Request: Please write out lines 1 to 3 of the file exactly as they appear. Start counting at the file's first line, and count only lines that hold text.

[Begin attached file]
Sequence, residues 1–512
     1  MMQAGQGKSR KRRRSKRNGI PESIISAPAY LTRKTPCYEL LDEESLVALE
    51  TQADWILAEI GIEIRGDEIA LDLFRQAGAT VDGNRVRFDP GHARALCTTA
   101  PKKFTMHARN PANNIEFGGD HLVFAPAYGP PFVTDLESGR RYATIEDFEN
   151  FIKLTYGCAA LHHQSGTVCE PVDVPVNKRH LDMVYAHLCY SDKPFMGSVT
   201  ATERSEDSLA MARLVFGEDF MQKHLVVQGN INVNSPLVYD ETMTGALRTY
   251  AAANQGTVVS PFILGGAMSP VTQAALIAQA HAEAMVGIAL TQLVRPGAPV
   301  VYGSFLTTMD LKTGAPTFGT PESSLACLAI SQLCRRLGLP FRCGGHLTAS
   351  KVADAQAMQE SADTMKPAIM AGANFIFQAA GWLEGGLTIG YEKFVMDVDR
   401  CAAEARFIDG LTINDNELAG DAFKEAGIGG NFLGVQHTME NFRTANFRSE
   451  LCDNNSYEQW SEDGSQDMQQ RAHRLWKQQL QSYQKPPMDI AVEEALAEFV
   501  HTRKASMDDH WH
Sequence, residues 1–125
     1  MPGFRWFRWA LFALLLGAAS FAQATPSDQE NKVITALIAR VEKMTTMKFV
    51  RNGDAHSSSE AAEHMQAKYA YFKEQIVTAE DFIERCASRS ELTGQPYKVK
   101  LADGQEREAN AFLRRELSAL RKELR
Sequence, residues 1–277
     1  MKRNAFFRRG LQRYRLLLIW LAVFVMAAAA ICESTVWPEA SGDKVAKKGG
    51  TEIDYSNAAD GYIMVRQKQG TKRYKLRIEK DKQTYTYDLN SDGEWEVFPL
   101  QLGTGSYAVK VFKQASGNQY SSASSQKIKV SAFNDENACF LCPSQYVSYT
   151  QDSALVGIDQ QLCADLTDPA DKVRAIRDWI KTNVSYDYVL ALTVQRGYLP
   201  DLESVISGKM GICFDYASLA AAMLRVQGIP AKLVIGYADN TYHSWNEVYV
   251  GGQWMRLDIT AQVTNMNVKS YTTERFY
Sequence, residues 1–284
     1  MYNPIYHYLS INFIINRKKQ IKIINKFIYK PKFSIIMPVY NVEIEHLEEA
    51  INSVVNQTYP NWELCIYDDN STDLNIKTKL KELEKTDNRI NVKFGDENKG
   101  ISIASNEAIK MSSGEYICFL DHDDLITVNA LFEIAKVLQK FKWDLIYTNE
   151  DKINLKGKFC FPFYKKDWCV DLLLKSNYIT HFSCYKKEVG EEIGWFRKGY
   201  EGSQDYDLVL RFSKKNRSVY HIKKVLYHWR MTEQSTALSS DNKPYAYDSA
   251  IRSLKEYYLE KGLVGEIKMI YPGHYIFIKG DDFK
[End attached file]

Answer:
Sequence, residues 1–512
     1  MMQAGQGKSR KRRRSKRNGI PESIISAPAY LTRKTPCYEL LDEESLVALE
    51  TQADWILAEI GIEIRGDEIA LDLFRQAGAT VDGNRVRFDP GHARALCTTA